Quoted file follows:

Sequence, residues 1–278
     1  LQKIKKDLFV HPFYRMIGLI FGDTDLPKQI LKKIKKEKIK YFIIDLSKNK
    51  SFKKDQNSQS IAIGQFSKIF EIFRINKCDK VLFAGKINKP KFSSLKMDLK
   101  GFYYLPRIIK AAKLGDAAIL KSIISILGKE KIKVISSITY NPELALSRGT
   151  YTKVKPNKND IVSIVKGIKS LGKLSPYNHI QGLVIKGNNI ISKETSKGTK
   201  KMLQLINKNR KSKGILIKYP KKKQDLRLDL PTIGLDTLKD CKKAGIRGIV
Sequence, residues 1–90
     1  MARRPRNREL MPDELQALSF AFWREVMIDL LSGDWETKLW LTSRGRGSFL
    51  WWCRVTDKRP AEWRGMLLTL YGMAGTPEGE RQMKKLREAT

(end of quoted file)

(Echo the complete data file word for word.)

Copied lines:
Sequence, residues 1–278
     1  LQKIKKDLFV HPFYRMIGLI FGDTDLPKQI LKKIKKEKIK YFIIDLSKNK
    51  SFKKDQNSQS IAIGQFSKIF EIFRINKCDK VLFAGKINKP KFSSLKMDLK
   101  GFYYLPRIIK AAKLGDAAIL KSIISILGKE KIKVISSITY NPELALSRGT
   151  YTKVKPNKND IVSIVKGIKS LGKLSPYNHI QGLVIKGNNI ISKETSKGTK
   201  KMLQLINKNR KSKGILIKYP KKKQDLRLDL PTIGLDTLKD CKKAGIRGIV
Sequence, residues 1–90
     1  MARRPRNREL MPDELQALSF AFWREVMIDL LSGDWETKLW LTSRGRGSFL
    51  WWCRVTDKRP AEWRGMLLTL YGMAGTPEGE RQMKKLREAT